The doctrine of grace and salvation by the gospel, is for all ranks and conditions of men. It teaches to forsake sin; to have no more to do with it. An earthly, sensual conversation suits not a heavenly calling. It teaches to make conscience of that which is good. We must look to God in Christ, as the object of our hope and worship. A gospel conversation must be a godly conversation. See our duty in a very few words; denying ungodliness and worldly lusts, living soberly, righteously, and godly, notwithstanding all snares, temptations, corrupt examples, ill usage, and what remains of sin in the believer's heart, with all their hinderances. It teaches to look for the glories of another world. At, and in, the glorious appearing of Christ, the blessed hope of Christians will be complete: To bring us to holiness and happiness was the end of Christ's death. Jesus Christ, that great God and our Saviour, who saves not only as God, much less as Man alone; but as God-man, two natures in one person. He loved us, and gave himself for us; and what can we do less than love and give up ourselves to him! Redemption from sin and sanctification of the nature go together, and make a peculiar people unto God, free from guilt and condemnation, and purified by the Holy Spirit. All Scripture is profitable. Here is what will furnish for all parts of duty, and the right discharge of them. Let us inquire whether our whole dependence is placed upon that grace which saves the lost, pardons the guilty, and sanctifies the unclean. And the further we are removed from boasting of fancied good works, or trusting in them, so that we glory in Christ alone, the more zealous shall we be to abound in real good works.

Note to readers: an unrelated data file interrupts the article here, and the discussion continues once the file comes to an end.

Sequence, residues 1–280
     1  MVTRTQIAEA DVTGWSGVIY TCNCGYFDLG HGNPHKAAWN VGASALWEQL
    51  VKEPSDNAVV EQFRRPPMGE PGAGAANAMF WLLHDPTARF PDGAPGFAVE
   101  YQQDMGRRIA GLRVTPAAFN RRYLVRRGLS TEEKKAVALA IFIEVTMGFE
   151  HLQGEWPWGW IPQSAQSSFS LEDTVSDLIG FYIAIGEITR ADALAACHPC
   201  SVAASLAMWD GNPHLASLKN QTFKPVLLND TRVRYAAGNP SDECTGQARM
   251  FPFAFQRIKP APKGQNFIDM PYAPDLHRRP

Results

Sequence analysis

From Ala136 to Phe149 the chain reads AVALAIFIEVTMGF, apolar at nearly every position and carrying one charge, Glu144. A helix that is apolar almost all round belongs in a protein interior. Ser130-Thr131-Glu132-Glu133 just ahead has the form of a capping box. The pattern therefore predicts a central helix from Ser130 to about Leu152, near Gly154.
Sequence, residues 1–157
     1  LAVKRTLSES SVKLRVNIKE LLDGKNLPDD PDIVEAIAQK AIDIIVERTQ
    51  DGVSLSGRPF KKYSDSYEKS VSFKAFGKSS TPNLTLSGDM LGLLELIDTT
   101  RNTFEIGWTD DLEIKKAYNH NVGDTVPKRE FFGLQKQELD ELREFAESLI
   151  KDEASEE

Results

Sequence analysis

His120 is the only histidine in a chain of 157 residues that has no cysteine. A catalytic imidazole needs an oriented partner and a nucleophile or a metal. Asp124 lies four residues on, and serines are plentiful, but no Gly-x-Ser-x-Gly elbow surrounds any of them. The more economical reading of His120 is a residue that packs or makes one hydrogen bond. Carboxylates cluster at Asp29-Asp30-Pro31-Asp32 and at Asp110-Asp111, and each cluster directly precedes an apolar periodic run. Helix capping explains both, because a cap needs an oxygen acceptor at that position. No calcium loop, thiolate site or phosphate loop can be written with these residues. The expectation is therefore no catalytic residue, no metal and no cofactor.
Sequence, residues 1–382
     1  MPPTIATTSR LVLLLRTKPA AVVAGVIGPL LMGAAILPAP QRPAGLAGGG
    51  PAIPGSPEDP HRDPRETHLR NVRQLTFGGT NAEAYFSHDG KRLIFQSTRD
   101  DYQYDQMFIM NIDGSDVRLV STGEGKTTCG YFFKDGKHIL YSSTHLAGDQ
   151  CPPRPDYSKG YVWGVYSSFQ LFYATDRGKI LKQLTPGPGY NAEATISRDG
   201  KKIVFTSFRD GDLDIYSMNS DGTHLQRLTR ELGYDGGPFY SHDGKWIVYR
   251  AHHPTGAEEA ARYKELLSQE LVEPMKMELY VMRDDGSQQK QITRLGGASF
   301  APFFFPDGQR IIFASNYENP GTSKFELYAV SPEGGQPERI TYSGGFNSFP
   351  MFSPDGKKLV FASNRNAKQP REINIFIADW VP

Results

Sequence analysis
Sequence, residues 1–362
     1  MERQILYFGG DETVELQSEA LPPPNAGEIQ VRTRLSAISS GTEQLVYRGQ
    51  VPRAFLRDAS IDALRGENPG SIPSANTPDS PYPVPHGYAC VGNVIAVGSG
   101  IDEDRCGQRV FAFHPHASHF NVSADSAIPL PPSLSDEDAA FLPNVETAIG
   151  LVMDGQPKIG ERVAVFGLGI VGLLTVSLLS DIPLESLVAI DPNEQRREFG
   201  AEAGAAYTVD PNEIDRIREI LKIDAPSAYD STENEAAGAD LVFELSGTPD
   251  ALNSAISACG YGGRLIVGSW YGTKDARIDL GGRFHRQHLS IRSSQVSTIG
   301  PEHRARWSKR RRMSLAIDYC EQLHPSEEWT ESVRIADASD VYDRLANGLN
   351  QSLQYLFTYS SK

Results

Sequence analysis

Ellen G. White
Selected Messages Book 3, 355.4